Saturday, March 2, 2024

Average NBA Referee Salary 2017 – How Much do NBA Refs Make

A billion dollar sport, the National Basketball Association’s pro games can gain millions upon millions of viewers per year, with jerseys being sold worldwide. The coaches, players and even announcers are world renowned names, with fans who have never even been to the cities they represent. However, there is an unsung hero of the sport: Referees. Now, it doesn’t mean that “unsung” equals unpaid. Here, we take a look at the salary of a NBA Referee and how to become one.

Average Salary for a NBA Referee 2018 – $175,000

For an average of 82 games, a typical NBA referee makes around $175,000 a year. This equates to a little over $2,000 a game which makes for quite a nice wage, especially considering it’s far less than your average 8 hour day. Now, unlike some referees (NFL’s refs come to mind) this is a little harder to work a second job around, although due to the small demand for NBA referees is small at around 60 people, it’s advised prospective referees keep a day job. If you’re willing to take a bit of a gamble and are interested in becoming an NBA Referee, read on.

How to become a NBA Referee – Do you need to go to school?

Now, becoming a Referee is a bit more involved than just filling out an application. Think of it as the top of a very long ladder, and at the bottom is likely back in high school or community centers. To get started with these, one has to study the rules of basketball (and watching of course helps so you can try to test your knowledge) and usually sign on with a state officiating association. These will get you the needed certifications so you can work on your referee skills and get some much needed work experience. You’ll have to stay on for a few years, but then can start climbing. Next, climbing into a Junior College or NCAA Camp position is almost always needed (some do apply with just high school experience, but this is rare especially with increased competition). If going for the NCAA, one can expect being officials for Divisions 2 or 3, and with a few more years experience can start officiating Division 1 games which often lead to more recognition and ability to show that big crowds don’t affect your judgment.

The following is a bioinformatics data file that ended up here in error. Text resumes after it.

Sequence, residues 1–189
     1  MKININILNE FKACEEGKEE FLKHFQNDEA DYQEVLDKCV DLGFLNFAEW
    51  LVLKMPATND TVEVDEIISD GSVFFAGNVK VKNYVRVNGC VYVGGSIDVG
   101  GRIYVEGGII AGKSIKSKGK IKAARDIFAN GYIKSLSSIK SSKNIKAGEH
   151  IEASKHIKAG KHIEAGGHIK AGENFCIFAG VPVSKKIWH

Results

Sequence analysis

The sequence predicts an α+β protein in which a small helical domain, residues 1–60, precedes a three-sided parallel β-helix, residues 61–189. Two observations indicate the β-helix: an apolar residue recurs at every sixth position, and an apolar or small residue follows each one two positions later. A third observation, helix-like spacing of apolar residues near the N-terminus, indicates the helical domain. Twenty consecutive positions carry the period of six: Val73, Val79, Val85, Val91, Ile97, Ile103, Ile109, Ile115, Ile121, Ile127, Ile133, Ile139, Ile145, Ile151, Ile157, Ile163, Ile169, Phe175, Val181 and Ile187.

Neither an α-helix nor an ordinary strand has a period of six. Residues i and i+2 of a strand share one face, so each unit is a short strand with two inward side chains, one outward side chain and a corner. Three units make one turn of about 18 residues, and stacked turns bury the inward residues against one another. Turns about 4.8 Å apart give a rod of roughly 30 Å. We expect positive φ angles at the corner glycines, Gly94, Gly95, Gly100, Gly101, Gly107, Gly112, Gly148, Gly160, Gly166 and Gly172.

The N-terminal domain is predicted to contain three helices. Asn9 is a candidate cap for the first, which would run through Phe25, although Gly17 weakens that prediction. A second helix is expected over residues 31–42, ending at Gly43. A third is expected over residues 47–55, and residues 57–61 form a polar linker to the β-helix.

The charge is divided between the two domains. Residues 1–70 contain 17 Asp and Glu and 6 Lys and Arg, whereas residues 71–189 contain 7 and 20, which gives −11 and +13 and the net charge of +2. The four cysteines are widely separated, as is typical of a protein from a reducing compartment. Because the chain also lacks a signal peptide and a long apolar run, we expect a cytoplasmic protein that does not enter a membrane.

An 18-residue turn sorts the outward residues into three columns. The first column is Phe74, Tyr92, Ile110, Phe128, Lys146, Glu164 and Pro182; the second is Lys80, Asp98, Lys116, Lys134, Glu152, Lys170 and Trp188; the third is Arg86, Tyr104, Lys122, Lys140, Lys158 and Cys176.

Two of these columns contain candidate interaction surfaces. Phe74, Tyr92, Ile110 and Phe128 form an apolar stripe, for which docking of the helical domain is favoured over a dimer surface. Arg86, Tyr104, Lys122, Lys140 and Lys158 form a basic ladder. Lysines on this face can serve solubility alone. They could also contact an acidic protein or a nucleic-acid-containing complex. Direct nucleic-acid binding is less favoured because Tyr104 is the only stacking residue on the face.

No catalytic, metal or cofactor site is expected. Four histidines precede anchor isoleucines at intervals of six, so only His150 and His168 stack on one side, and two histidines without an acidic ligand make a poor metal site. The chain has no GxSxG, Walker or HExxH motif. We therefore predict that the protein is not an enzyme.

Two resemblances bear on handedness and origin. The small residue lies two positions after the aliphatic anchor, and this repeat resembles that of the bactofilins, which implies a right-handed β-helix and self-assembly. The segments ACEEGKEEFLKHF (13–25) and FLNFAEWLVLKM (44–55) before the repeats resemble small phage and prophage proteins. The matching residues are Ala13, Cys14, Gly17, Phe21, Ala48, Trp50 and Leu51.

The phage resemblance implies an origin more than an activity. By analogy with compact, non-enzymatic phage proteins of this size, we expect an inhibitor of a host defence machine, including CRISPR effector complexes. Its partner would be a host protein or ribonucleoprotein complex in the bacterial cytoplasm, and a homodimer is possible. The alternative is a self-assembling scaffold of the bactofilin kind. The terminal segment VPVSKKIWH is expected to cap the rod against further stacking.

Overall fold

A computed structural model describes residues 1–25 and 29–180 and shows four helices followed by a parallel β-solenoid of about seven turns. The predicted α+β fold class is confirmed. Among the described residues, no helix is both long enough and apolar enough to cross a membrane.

Next, you can finally get scouted for in the Officiating Candidate Pool for the NBA. If you make it to the top 100, you go through a training and evaluation period, which takes about 3 months. First, you’re entered into the Grass Roots camp, and are evaluated for advancement to the Mid-Level Camp and eventually the Elite Camp is so successful. Those who do well, but not exactly so well as to advance may have an eye kept on them and be given another year to hone their skills. If tapped for advancement from that, one can go on to the NBA G league (also known as the Summer League which can go from playoffs to preseason) or be hired on as a full referee, or even do both. Further refinement is then done for the following months until one can be selected for either the NBA or WNBA.

Sadly, if one is selected for the WNBA, the pay is remarkably less to the point of matching player discrepancies in terms of salary. One can expect maybe $20,000 a year at this time, though this may progress over time. However with experience one can reapply for NBA selection later, and may be hired on given the superior experience. To register for this entire process, one can visit the official NBA Officials website and can expect about a year and a half for the process to go from starting the selection to starting in the big leagues. When finally working for the NBA, one is responsible for more than just play rules, and are expected to inspect everything from the balls to the score equipment. They may also in rare cases be asked to be representatives of the NBA and be a part of an occasional interview.

Cody Carmichael
Cody Carmichael
University graduate in Psychology, and health worker. On my off time I'm usually tinkering with tech or traveling to the ends of the globe.


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